Rate war hots up with introduction of Halifax’s lowest ever rate

The recent mortgage price war between High Street lenders took another turn today with the introduction of Halifax’s lowest ever two-year fixed rate.

The lender, the biggest in the UK mortgage market, have cut rates across their range by up to a third, and have introduced a new 0.83% rate, fixed for two years, shifting focus back to HSBC and Nationwide, who have each produced headline grabbing sub-1% rates recently.

Following the cooling of a red-hot property market during June, the market remains buoyant and the main players of the mortgage industry are using this time to further tighten their grip on the industry with these historically low rates. Halifax have also looked to the future in adding a new 10-year fixed rate to their line-up.

“With house prices booming and interest rates falling, there have been understandable concerns from clients about what this would mean to the market in terms of rates in the medium term” says Andy McBride, director of Professional Contractor Mortgages. “While many other banks have also priced their rates at attractive levels, Halifax have taken a step further and catered for those looking at longer term value with the addition of a ten-year fix.”

Longer term fixed rates have been scarce in their availability of late, thanks largely to a volatile housing market over the past five years, from Brexit through to the pandemic and now the economic recovery of both.

Concerns raised by some risk averse borrowers have been listened to by Halifax when coming up with pricing on their new rates, notably a 2.07% rate, fixed for ten years, available from today.

“Ten-year fixed rates have very rarely offered particularly good value in the past” says McBride. “Nationwide offered a ten-year rate up to about 2015 which was significantly more expensive than the five-year rates of the time. To think back then that an offer of a ten-year fix at a little over 2% would be on the table in 2021 would be absolute lunacy.”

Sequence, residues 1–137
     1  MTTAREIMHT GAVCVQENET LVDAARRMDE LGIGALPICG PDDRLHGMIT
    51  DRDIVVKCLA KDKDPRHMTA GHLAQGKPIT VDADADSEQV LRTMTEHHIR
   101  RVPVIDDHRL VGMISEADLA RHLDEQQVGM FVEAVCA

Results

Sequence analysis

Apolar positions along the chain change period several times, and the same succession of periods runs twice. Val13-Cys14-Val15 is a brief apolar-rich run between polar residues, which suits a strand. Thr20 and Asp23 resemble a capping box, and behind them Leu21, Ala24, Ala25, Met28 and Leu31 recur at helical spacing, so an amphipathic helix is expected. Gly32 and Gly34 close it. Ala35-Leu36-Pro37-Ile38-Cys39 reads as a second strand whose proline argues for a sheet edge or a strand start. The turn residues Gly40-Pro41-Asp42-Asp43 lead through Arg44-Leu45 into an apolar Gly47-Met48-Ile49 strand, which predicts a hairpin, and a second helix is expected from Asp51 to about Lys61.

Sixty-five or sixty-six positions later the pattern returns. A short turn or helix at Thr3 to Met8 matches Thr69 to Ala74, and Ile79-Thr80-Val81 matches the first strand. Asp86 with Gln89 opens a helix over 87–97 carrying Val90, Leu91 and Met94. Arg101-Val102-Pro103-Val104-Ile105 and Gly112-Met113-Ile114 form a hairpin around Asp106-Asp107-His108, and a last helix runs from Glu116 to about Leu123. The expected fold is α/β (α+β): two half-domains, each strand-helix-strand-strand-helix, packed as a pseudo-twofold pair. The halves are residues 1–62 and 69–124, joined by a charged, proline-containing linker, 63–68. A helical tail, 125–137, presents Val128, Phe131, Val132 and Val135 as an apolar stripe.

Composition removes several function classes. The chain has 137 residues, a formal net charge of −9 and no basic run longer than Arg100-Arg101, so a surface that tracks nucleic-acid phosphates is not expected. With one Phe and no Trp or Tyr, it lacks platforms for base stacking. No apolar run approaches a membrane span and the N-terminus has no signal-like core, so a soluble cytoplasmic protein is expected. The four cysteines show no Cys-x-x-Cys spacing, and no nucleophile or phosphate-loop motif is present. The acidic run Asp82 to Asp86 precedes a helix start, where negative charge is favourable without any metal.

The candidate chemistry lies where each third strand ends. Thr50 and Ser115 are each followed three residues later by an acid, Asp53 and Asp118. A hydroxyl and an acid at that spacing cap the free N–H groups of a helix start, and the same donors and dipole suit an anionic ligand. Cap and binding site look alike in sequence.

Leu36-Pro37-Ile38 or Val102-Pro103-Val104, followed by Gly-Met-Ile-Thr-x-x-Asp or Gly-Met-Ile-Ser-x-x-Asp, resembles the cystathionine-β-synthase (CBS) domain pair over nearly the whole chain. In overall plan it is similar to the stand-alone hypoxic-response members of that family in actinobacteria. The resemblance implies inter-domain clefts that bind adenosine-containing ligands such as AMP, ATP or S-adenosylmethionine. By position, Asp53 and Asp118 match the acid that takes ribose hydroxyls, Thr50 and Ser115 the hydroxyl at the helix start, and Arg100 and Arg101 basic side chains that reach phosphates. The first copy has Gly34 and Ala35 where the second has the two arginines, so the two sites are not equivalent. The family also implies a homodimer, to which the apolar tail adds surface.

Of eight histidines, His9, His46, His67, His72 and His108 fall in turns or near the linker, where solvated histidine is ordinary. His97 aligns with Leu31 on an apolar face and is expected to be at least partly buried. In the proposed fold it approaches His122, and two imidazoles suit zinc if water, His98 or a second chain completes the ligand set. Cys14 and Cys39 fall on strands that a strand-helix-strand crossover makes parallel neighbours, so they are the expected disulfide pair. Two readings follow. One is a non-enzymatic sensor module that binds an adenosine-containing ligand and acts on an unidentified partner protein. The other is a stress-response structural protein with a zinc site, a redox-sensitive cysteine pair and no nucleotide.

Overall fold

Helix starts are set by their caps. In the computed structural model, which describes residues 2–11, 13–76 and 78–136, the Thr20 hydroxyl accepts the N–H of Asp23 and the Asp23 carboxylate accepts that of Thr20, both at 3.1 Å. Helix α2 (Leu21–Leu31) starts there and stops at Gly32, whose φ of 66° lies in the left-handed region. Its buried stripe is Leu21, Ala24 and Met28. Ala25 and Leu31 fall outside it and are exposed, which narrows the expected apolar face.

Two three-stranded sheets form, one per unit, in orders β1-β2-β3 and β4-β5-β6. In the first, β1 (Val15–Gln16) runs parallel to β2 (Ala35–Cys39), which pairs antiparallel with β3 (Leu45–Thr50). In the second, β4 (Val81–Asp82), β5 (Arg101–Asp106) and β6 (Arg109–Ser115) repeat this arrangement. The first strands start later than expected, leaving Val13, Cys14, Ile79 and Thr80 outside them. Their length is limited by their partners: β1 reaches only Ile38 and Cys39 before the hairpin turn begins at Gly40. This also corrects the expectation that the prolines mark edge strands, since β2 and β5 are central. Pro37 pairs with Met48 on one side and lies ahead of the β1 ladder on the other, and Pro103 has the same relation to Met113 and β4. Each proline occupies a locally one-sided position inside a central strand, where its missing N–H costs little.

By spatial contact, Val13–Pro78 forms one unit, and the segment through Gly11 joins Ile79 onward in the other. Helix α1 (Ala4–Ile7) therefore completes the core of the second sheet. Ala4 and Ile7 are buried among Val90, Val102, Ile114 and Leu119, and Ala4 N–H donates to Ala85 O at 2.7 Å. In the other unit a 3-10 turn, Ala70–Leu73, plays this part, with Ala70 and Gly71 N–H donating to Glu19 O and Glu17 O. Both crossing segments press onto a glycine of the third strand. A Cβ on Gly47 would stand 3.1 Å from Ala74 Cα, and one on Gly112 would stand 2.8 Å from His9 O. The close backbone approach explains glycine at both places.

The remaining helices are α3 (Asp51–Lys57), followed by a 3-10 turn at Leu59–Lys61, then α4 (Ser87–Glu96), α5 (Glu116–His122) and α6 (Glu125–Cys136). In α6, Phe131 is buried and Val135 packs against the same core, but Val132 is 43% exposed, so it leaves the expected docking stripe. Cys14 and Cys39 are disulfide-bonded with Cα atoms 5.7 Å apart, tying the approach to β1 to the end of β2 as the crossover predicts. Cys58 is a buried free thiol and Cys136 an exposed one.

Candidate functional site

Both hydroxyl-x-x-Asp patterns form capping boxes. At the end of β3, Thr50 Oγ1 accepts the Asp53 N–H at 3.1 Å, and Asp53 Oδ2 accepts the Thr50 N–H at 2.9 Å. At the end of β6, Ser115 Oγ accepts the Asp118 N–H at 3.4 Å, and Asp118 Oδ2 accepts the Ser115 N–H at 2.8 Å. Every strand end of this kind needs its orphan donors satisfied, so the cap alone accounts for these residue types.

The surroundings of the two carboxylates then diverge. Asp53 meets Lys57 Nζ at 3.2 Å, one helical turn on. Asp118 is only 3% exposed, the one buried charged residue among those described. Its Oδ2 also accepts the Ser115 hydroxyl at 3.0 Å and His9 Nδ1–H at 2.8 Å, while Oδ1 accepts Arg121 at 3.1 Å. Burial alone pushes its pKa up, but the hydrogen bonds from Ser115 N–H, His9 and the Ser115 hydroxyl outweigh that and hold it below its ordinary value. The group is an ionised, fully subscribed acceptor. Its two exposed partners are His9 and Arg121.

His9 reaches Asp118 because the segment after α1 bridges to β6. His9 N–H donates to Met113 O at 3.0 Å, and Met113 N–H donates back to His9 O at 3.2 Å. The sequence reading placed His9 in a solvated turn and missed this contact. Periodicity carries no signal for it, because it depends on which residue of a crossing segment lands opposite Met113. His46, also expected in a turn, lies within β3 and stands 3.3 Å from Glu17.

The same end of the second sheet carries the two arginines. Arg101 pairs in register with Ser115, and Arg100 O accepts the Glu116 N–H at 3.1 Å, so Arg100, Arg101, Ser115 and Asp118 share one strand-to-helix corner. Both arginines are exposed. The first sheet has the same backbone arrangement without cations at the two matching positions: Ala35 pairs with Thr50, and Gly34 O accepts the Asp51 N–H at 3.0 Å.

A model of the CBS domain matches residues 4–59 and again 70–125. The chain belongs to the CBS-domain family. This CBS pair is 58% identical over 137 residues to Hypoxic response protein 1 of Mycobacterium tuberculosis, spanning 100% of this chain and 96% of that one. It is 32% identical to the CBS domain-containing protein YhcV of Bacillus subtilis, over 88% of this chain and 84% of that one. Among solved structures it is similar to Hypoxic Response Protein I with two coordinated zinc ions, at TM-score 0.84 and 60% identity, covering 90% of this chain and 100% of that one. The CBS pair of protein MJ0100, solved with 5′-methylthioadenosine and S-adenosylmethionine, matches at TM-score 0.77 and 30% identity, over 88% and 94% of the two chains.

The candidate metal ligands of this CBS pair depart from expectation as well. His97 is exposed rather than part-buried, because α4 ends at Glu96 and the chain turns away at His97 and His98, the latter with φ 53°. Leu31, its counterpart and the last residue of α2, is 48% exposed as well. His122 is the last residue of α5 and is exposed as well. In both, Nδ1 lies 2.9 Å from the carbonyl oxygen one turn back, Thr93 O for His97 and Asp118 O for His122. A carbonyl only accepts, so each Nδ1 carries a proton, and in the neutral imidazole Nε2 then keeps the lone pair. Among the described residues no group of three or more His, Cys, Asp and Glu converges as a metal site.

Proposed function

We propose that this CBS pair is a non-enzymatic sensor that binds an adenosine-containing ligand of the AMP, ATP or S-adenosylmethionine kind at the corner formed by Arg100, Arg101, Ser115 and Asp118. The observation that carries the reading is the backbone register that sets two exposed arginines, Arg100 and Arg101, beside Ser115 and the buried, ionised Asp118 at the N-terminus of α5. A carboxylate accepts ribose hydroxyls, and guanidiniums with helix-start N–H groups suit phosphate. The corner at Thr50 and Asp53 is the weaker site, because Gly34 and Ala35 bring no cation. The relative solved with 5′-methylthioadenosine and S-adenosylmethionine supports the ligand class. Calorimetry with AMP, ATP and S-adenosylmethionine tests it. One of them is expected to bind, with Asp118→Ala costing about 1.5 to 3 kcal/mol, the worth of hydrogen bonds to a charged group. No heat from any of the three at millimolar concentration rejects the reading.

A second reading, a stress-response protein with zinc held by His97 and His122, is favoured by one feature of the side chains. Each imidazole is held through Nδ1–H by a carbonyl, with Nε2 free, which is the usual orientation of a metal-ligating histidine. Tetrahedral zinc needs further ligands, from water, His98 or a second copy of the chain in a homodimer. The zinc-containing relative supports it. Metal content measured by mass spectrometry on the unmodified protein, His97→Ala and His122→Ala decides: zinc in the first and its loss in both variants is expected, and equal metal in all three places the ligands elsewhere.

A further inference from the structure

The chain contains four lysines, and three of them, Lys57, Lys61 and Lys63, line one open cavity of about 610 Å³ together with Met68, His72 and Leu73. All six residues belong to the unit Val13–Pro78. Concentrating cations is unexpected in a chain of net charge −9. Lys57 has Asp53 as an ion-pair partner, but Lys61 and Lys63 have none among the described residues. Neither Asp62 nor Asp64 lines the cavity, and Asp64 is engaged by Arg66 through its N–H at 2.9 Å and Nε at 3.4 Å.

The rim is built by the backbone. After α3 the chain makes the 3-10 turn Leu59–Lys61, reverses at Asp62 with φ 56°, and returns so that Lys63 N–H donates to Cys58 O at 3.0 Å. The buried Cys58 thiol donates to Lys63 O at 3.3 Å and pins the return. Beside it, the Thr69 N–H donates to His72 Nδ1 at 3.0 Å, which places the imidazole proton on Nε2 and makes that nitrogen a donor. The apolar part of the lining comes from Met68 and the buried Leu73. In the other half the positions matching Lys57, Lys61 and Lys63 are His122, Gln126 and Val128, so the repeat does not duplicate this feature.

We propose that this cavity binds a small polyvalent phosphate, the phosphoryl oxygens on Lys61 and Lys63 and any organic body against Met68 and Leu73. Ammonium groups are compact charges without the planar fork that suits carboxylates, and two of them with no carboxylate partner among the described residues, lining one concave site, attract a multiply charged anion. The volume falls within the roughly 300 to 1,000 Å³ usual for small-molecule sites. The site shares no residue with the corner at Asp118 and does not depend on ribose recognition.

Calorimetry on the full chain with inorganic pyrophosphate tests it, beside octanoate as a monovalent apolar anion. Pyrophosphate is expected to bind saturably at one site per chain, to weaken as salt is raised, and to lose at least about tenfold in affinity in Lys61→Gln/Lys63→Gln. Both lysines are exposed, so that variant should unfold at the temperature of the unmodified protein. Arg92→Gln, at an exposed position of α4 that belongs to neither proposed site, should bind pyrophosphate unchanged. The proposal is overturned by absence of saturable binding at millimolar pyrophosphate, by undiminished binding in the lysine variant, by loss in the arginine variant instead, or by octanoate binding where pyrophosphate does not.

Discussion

“With house prices continuing to rise, and interest rates falling further still, the point at which the scales begin to tip and value seeps from the mortgage market could be approaching sooner rather than later, with the Bank of England voting to keep Base Rate at 0.1% last week amid some considerable opposition.”

In announcing their Base Rate decision last week, the Bank of England’s Monetary Policy Committee reported that they expect inflation to rise to 4% in the final quarter of 2021, adding further pressure onto mortgage interest rates.

There is a word of caution from McBride towards those who still enjoy historic base rate trackers, who may have been thinking about remortgaging for some time, that the sliding doors moment could be fast approaching.

“The mortgage industry is very finely balanced at present amid rising inflation and falling interest rates. Waiting too long could cause the balance to shift firmly out of your favor and end up costing thousands. Seek advice today around your options before it’s too late.”

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